January 5 2018, 6:06 PM 

I think you are being generous to Evans, DM, but more so to one or two others. Evans scored 2 test centuries (top 104), 8 fifties, and averaged 20.4. Broad is not dissimilar, having passed 50 12 times, averaging 20.7. Broad has seldom if ever batted no.7 however, has he? He was at no 9 when he got his 169 against Pakistan.

Of the others, Fred had a test average of 13.81, with no score over 50. Statham's 11.4 wasn't that different. Lock averaged 13.74, though he scored 3 fifties. Wardle averaged rather better, 17.78, but only 2 fifties. I know pitches were very different, and any tailender's average is always a bit of a lottery, because the no. of not outs they have is variable.Fred would no doubt have said that he was often left out against the weaker sides, who might have allowed him to slog a few more.

Batting orders have certainly changed. To look at one of Fred's best and one of his worst games: At Headingley in 1961, the tail was Murray, Trueman, Lock, Allen, Jackson. By Headingley in 1964 Parks had come in for Murray and Fred was down to no. 9. Later than that, at the time I start having clearer memories, England always seemed to be being rescued by Illingworth at 7 and Knott at 8, and even at times by Snow at 9.

Two interests on the side regarding Headingley in 1964. Fred was dropped after the game, having according to John Arlott fed Peter Burge a string of short deliveries to allow Australia to run up a winning score in their first innings. I'm sure it's true to some extent, but his figures? 24.3 - 2 - 98 - 3. And finally, to give you something to think about: England used 6 bowlers in that innings. No looking up, who were they?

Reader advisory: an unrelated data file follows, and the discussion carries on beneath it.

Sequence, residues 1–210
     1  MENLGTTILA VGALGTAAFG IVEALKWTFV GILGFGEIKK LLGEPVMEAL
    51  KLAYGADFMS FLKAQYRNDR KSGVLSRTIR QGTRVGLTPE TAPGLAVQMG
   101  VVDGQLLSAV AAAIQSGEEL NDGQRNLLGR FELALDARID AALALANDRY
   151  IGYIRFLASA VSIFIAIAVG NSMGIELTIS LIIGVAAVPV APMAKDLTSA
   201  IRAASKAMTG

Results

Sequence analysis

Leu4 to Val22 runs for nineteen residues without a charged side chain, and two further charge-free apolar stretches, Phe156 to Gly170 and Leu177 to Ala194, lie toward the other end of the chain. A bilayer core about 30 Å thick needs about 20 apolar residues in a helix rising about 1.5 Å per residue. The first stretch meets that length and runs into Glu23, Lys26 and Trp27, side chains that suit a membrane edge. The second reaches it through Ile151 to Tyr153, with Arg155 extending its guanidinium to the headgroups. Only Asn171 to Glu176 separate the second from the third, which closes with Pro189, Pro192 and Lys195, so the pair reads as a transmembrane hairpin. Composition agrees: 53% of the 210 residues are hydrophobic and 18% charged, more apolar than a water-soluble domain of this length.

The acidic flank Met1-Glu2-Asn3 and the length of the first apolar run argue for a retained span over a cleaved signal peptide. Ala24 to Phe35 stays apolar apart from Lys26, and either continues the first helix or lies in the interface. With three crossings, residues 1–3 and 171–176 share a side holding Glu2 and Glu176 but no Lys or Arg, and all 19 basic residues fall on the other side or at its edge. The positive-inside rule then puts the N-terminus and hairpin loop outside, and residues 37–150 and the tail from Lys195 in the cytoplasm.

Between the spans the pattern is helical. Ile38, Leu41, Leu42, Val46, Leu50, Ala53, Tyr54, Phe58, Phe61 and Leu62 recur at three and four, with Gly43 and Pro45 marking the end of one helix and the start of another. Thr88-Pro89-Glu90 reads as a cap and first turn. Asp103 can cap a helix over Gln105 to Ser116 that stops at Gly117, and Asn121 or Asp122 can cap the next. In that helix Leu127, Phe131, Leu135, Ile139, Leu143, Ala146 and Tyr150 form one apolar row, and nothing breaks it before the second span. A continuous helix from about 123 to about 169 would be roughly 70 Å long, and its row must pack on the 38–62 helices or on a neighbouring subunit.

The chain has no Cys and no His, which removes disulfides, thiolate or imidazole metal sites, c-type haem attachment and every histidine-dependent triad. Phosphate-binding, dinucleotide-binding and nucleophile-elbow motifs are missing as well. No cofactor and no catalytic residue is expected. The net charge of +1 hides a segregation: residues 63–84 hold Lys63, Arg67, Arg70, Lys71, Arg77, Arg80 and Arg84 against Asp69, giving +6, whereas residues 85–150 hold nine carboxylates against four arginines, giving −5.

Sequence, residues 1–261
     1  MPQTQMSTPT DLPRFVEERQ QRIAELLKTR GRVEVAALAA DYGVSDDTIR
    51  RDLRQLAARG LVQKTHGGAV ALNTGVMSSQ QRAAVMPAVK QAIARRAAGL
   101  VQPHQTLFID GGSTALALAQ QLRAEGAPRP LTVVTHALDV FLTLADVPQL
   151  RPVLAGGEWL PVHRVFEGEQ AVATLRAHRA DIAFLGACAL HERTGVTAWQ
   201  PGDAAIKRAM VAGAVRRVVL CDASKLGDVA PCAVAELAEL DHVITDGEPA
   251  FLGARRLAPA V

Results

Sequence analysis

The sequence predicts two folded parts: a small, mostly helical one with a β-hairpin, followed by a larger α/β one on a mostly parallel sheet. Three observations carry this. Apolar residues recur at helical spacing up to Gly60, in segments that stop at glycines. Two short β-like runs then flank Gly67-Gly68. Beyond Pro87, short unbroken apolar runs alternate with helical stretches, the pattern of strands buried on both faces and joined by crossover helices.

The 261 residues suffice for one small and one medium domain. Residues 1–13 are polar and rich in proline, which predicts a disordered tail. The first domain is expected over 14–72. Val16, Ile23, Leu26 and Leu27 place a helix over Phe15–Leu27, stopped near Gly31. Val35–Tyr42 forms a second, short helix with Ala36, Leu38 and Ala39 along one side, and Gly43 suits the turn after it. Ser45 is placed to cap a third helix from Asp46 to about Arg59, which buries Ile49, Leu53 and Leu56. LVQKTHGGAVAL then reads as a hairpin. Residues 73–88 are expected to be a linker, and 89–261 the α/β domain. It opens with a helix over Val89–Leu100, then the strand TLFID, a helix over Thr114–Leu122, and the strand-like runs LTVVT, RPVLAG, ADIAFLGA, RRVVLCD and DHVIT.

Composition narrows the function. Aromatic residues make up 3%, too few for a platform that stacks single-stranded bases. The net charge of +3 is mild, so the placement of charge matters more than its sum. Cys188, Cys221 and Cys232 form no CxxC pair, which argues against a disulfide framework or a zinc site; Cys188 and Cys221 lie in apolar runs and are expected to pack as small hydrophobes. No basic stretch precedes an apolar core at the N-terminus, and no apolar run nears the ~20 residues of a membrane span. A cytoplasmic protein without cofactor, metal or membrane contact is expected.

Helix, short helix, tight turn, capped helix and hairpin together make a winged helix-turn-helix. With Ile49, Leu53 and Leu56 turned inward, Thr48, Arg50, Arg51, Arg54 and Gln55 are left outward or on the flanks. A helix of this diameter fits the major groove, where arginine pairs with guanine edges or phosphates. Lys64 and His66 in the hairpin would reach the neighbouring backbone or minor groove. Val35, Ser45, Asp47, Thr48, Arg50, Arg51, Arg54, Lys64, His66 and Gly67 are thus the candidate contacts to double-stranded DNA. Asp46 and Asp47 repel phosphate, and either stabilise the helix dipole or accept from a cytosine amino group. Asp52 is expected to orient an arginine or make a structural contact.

This message has been edited by Idle_man on Jan 5, 2018 6:48 PM


 
 
Guest
(Login BrickyardBoy)

Re: Obsession with batting depth

January 6 2018, 10:31 AM 

I admit to managing only to score 3/6 before checking the scorecard.

Equally interesting, having left Fred out for the 4th Test (at Old Trafford), Australia rattled up 656 for 8 dec and England replied with 611 all out, before Australia had 2 overs of a second innings, before time ran out, resulting in one of the great "bore draws" of Test history. England employed 8 bowlers. Quiz questions follow:

1. Who were the 8 bowlers?
2. Who were the three players who did not bowl?
3. Which team bowled the most overs?
4. Who bowled the most overs for England? (How many? Bragging rights only awarded for a correct number)
5. Which Australian bowled the most overs in the match? (How many? Again, bragging rights only for the number)
6. How many hundreds were scored in the match?
7. Who top-scored for Australia? (How many? Bragging rights)
8. Who top-scored for England? (How many? Bragging rights)

Interestingly, England played 5 batsmen, a wicket-keeper batsman at No.6 and five bowlers (2 quick, 1 medium and two spinners).

9. Who were England's bowlers?
10. Which England bowler was never selected again to play in a Test match?

Finally, the thought occurs to me that this was perhaps one which Fred (secretly) was happy to have missed.


    
This message has been edited by BrickyardBoy on Jan 6, 2018 10:43 AM


 
 
Leg Glance
(Login legglance)

Re: Obsession with batting depth

January 6 2018, 10:32 AM 

The obsession with batting so deep, isn't it just a tacit admission of planning to fail?

Judging by this tour they have succeeded.


 
 
Opening stand
(Login Openingstand)

Re: Obsession with batting depth

January 6 2018, 12:33 PM